MOSCOW (Reuters) - The U.S. ambassador to Russia visited on Monday a former U.S. Marine who has just started a nine-year sentence in a Moscow jail, and said the United States was pushing for his release.
A Russian court in July convicted Trevor Reed, a student at the University of North Texas, of endangering the lives of two police officers, a charge Reed denies.
"Trevor mentally seems to be doing as well as can be expected... It pains me to see him detained under these circumstances," said ambassador John Sullivan after a visit to Vodnik prison.
"It is important that he gets the medical treatment that he needs, and we will be advocating for that vigorously - and, of course, for his release," said Sullivan, who described the evidence against Reed as "laughable".
U.S. Deputy Secretary of State Stephen Biegun spoke to Russian officials about the case during a visit last week, demanding his release, the ambassador added.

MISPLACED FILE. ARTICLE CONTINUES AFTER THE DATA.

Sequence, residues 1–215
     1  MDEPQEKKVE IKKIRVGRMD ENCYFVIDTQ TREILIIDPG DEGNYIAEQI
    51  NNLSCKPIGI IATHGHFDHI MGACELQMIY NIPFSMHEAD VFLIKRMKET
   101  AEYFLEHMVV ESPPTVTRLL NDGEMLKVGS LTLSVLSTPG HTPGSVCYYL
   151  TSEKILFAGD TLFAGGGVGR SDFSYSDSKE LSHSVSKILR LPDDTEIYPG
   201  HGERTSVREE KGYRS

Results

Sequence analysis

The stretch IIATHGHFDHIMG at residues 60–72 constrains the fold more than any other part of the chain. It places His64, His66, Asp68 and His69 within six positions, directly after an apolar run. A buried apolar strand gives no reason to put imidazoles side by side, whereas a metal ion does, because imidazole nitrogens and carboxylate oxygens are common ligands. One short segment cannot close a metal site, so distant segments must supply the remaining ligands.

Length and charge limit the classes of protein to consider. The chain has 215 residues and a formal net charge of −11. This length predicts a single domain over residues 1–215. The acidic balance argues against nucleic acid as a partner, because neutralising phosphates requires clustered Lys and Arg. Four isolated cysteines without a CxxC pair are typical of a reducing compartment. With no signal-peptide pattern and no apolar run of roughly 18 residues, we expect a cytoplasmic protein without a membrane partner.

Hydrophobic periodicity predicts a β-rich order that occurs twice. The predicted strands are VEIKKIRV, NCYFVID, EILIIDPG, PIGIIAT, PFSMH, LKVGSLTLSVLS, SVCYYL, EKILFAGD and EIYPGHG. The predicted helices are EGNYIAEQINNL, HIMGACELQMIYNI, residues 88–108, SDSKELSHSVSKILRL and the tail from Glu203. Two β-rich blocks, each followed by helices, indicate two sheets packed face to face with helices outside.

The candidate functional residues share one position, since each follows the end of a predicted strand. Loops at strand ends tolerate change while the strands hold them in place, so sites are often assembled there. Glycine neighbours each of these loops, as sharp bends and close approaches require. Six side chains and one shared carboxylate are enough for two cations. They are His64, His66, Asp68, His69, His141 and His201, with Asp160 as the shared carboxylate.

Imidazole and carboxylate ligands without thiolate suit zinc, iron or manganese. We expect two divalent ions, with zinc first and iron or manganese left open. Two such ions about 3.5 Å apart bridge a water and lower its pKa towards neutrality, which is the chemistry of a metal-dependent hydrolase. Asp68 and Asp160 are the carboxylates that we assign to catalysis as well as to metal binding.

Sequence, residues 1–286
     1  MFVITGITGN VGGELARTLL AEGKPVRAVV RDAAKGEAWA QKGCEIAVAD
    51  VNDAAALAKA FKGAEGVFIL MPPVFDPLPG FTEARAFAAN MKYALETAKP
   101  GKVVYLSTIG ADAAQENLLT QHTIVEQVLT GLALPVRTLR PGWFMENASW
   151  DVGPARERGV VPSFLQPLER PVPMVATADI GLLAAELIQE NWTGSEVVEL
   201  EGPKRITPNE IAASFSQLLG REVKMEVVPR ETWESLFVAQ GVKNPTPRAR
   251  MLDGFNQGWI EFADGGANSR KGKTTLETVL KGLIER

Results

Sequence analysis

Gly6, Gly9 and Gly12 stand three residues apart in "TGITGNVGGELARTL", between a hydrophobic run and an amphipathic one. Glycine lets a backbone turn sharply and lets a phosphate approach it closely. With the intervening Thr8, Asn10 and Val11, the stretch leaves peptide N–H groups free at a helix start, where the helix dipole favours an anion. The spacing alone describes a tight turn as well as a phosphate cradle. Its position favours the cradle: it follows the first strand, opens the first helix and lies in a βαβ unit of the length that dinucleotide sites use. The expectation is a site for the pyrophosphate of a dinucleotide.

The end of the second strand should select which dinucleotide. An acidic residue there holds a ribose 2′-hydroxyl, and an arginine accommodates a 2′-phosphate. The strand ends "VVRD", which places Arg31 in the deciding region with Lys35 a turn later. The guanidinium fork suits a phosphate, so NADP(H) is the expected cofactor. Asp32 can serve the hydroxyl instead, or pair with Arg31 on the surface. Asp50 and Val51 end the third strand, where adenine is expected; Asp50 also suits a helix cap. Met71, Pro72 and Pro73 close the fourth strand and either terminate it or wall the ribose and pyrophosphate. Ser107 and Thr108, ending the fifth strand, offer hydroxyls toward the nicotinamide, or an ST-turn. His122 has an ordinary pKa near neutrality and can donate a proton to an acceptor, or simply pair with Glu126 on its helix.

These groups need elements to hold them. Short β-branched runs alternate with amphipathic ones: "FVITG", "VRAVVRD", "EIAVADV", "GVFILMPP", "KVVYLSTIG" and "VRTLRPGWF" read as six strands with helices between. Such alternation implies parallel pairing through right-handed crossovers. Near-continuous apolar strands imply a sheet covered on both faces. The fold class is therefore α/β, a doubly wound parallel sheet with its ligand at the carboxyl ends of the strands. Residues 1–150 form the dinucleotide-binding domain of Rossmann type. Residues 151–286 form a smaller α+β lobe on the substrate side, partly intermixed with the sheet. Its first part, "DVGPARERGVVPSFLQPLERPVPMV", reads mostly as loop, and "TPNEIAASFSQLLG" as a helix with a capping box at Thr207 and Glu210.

Prosecutors accused Reed of grabbing a police officer who was behind the wheel of a car after the American was detained on Aug. 15 last year. That, they said, caused the vehicle to swerve dangerously. He was also accused of elbowing a second officer.
Reed, who said he travelled to Moscow in May, 2019, to learn Russian and visit his Russian girlfriend, has said he does not remember the events of that evening because he was drunk when he was detained after leaving a party in Moscow.
Sullivan said he also hopes to visit another former U.S. Marine, Paul Whelan, who was sentenced in June to 16 years in jail for espionage, a charge he denied.
"I will be planning to travel there at the earliest opportunity. To visit with Paul, see how he is doing, and discuss his situation," the ambassador said.
(Reporting by Mikhail Antonov; Writing by Polina Ivanova; Editing by Gareth Jones)